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Scrutinising the religious and political right

By Alan Matheson - posted Friday, 7 November 2008

The Australian Protectionist Party (APP) has recently invited Nick Griffin, the leader of the British National Party (BNP) to Australia. Churches, community groups, unions and anti racist groups in the United Kingdom (UK), are campaigning against his visit.

Writing to the Australian High Commissioner, they note that Griffin has been “convicted of incitement to racial hatred and is bound to whip up further racism”. They say, “he has repeatedly denied the holocaust, dismissing it as a “Holohoax”, believes the media is under Jewish control and [that] he has forged close links and friendships with convicted terrorists across the globe”.

The Australian Federal Minister for Immigration, Chris Evans, has issued a statement indicating, that while Griffin has not, as yet, applied for a visa, he will have to satisfy the requirements of the “character test”. This test ensures, “that a non citizen will not vilify, incite discord in, or represent a danger to the Australian community, or a segment of that community”.


In short, for the campaigners, “the BNP is a racist, anti-Semitic, homophobic and Islam phobic organisation”.

However, in the past couple of years the BNP has been re-inventing itself and in the recent local government elections it won more than 100 seats throughout the UK. While this is less than 1 per cent of the total number of seats, its increasing profile is causing concern. The Church of England, for example, has attacked the BNP funded, “Christian Council of Great Britain”, for presenting a racist agenda as Christian, and appropriating Christian language and symbols, which are the very opposite of Christian values.

According to the APP’s, Darrin Hodges, Griffin had been invited to “speak to Australians on the experiences of the BNP in their fight to protect Britain and its people from the demographic genocide that is threatening their homeland, caused by the large scale immigration from the Third World”. According to Hodges, “Griffin has been successful in bringing nationalism into the mainstream of politics”.

At the moment there is little interest or concern in Australia, as to whether or not, Griffin passes the character test and gets a visa. An Australian Jewish community spokesman, says, that, “the visit ought to be a matter of concern for Australia’s Muslim community, indeed, by all communities here who have found that tolerance and engagement is a better path that division and hatred”. No bishop or politician appears greatly concerned, with the only scrutiny of the decision coming from bloggers, such as “slackbastard”.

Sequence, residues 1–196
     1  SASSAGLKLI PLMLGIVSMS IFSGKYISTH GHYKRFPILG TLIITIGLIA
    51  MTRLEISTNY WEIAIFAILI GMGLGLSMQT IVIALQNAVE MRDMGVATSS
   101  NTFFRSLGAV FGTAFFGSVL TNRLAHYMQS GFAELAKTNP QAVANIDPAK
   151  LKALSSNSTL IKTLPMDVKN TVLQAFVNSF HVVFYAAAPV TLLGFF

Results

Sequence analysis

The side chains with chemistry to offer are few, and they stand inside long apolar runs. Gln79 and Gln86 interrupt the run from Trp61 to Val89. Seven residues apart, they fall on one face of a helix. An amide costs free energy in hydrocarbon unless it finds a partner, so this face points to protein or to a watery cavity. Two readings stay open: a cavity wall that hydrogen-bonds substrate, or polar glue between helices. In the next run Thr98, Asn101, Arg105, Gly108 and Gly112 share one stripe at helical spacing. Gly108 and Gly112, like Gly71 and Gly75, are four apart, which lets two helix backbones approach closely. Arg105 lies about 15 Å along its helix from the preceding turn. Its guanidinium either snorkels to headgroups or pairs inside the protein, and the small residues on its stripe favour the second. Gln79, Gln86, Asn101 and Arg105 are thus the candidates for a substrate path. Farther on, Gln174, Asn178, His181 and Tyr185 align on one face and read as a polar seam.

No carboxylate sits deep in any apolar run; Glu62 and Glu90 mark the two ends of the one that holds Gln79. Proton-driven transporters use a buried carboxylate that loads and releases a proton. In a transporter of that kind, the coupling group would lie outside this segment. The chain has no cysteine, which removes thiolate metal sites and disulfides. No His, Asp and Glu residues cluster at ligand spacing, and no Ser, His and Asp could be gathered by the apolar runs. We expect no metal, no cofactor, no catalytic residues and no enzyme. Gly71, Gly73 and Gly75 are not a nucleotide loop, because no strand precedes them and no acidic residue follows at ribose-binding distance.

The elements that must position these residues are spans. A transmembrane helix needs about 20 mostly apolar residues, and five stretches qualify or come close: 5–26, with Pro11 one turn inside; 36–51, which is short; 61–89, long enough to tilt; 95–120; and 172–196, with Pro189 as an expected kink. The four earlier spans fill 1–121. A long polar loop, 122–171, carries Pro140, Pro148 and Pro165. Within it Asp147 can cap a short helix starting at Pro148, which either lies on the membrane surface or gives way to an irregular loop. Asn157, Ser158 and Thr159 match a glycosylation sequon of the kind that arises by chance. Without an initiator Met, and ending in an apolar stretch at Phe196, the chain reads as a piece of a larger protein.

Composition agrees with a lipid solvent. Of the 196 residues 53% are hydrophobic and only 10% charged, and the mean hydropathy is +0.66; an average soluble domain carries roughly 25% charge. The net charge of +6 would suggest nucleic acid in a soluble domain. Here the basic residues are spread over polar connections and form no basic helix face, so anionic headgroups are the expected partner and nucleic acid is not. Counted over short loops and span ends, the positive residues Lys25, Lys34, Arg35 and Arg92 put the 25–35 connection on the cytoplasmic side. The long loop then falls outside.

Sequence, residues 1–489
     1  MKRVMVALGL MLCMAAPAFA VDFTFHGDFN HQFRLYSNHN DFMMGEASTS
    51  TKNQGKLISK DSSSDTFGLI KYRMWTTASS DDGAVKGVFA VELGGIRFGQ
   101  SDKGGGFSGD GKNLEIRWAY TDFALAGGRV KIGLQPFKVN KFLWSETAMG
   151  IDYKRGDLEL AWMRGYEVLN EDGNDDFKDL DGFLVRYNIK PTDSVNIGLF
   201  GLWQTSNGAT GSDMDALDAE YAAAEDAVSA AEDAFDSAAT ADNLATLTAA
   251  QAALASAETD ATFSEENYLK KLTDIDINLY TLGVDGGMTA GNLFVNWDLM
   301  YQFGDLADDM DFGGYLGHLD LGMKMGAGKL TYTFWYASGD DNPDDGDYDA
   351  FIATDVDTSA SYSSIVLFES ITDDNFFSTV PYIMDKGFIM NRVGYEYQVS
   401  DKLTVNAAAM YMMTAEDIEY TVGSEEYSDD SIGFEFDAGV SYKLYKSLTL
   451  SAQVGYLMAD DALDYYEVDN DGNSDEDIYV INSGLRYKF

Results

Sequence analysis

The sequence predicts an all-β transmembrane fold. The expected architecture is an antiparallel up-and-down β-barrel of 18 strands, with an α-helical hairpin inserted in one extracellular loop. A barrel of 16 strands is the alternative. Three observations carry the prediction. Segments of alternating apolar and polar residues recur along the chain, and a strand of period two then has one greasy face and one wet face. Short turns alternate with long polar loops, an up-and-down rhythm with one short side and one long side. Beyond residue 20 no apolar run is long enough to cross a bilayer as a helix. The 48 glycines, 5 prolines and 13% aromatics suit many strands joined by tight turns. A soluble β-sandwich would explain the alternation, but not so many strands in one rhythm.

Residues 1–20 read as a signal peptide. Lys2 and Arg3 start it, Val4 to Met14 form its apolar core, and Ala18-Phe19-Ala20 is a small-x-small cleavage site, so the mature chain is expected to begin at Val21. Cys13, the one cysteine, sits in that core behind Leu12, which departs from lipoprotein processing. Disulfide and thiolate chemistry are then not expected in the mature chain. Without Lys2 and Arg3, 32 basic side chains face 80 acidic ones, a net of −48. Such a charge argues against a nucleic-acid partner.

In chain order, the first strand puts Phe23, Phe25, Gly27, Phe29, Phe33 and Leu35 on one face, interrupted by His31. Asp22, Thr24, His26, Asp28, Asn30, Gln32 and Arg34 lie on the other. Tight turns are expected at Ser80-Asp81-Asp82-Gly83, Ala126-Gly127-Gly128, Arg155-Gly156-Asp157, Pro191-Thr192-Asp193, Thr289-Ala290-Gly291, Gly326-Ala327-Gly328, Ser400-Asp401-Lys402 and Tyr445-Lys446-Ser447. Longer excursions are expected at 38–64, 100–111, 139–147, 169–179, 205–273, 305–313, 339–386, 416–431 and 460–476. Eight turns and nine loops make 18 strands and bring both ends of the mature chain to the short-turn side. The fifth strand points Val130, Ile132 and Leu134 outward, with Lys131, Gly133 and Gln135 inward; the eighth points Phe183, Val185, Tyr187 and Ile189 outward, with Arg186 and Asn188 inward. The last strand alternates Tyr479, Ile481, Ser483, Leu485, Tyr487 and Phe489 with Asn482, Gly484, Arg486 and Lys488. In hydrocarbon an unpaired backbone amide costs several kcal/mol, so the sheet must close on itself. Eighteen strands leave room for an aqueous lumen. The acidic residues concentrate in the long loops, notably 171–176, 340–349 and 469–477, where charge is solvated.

In part, this lack of interest is based on the fact that the APP is but one of a number of small extremist groups, which periodically fragment, divide, and unite, but mostly live out their lives on the margins of Australian political life.

With groups such as the Australia First Party, it has begun, nevertheless, to actively campaign in local council elections on platforms of opposing “state imposed multiculturalism”, keeping Australia white, and opposing, “mosques, sex shops and any developments that undermine Australia’s traditional and family values”. It’s difficult, I guess, for most Australians, to take seriously the APP’s claim, that it has “risen from the ashes of multi-decadinal-nationalist political failure, to become a prominent and viable alternative party”.


Hodges, the leader of this “viable alternative”, came last in Ward D elections, in the Sutherland Shire, with 333 votes, or 2 per cent of the total.

However, there is a need not to be too complacent. Extremist groups thrive in times of economic instability and uncertainty. Scapegoats are created, minorities feared and foreigners demonised, particularly if they happen to be Arab or Muslim Australians.

Further, extremist political groups such as the APP, and the plethora of fundamentalist and para-church organisations, mirror each other. They split, multiply, and then re-form; both lack transparency, in terms of membership and finances, and both sets of organisations, are run and controlled by men. Both see multiculturalism as evil, family values under threat, and both are more comfortable with a theocracy, than democracy.